Grand Rapids birth injury lawyer shares an inspirational story: “Everyone has a place on the team,” says a track coach who pushes teen with cerebral palsy to do the impossible – walk.

A boy with cerebral palsy who previously couldn’t walk struggled through 30 feet of the high school track, crossing the finish line with a big smile on his face and the sound of loud cheering from his team and fans. This incredible feat was made possible by a track coach who believes that nothing is impossible with hard work.

Sixteen year-old Dillan McCants has had cerebral palsy since birth, when a lack of oxygen to his brain during delivery caused a brain injury called hypoxic ischemic encephalopathy (HIE), leaving him with cerebral palsy and an inability to walk like other children.

When Dillan moved to Phoenixville two years ago and began attending the new high school, he wasn’t sure if he’d have any friends and if people would understand his cerebral palsy.  Then Dillan met the school’s track coach, Dustin Poole, who said to Dillan, “You can do the impossible!”.  Poole gathered a team of people who began working with Dillan, giving him aggressive physical therapy.

Two years after starting the intense physical therapy, Dillan made his track debut.  He was able to walk with the help of a walker, and he became the first person with a disability to receive a varsity letter in track.  Poole told reporters that seeing Dillan cross the finish line brought him to tears and it was the greatest coaching moment of his career.  At the finish line, Dillan said that having so many people cheer him on was one of the best parts of crossing the line – aside from the fact that he was actually walking.  Dillan told reporters that the people at his high school are the best people he’s ever met and the school is also one of the best he’s attended.

Friends and classmates told reporters that Dillan continuously has a positive and upbeat attitude, despite recent setbacks.  The specially equipped van that Dillan’s family uses to transport Dillan was damaged in a flood and Dillan’s home was majorly damaged when a neighbor’s house caught on fire.  Despite these huge setbacks, Dillan has never missed a physical therapy session.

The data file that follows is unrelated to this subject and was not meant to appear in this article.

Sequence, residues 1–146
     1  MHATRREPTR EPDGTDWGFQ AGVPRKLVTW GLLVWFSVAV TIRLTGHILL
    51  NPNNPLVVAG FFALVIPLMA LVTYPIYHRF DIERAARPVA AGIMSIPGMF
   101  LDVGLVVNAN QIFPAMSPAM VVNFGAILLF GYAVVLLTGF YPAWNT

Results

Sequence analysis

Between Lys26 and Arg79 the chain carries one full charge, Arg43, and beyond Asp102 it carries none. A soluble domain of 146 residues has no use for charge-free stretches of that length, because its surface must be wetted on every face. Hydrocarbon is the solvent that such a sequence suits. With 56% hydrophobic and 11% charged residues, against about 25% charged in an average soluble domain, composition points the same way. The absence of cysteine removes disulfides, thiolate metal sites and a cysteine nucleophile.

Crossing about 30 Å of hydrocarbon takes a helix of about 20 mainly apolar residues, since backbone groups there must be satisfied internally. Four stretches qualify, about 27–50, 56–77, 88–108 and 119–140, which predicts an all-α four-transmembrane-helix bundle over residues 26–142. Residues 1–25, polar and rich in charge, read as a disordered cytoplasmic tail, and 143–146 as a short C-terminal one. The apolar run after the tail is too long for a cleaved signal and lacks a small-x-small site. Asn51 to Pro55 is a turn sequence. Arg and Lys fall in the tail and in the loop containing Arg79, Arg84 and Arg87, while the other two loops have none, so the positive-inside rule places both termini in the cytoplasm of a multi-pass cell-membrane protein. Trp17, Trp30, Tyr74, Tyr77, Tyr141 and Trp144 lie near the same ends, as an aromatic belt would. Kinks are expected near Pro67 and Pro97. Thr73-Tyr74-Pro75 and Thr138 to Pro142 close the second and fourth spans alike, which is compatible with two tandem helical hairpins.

No matter what happens, Dillan can hear his coach exclaiming that he can do the impossible.  Sometimes the only motivation people need to push themselves to the max is someone to believe in them.


Cerebral palsy (CP) is a group of disorders stemming from brain damage that affects the nervous system and causes children to have problems with muscles, movement, balance and coordination.  Cerebral palsy can be severe, causing a child to essentially be paralyzed.  Children with severe cerebral palsy may require feeding through a tube that goes directly into their stomach, and they may be unable to control their bowels or bladder.  Children with mild to moderate cerebral palsy may have only one or two limbs affected by CP.

Cerebral palsy is a motor disorder.  Thus, the brain damage that causes cerebral palsy does not cause intellectual or cognitive problems in children.  A child with CP may have difficulty speaking due to poor oral-facial muscle control, but the child may be highly intelligent.  Sometimes, however, the event that caused the cerebral palsy may also have caused damage to other areas of the brain – areas that can affect a child’s cognitive functions.  This is why some children with cerebral palsy also have intellectual disabilities.


The brain injury that causes cerebral palsy does not get worse over time.  However, if proper therapy and treatment are not given to a child who has CP, long term muscle imbalance can cause further muscle dysfunction as well as serious problems with bones and joints.

Regular aggressive physical therapy is very important for children who have cerebral palsy, especially since the CP may cause them to be less active than children without the condition.  Physical therapy is performed to help muscles develop and to prevent muscle imbalance and contractures.  A contracture is a permanent shortening of a muscle, tendon or ligament.  Surgical release can be performed to help relieve tightened or shortened muscles.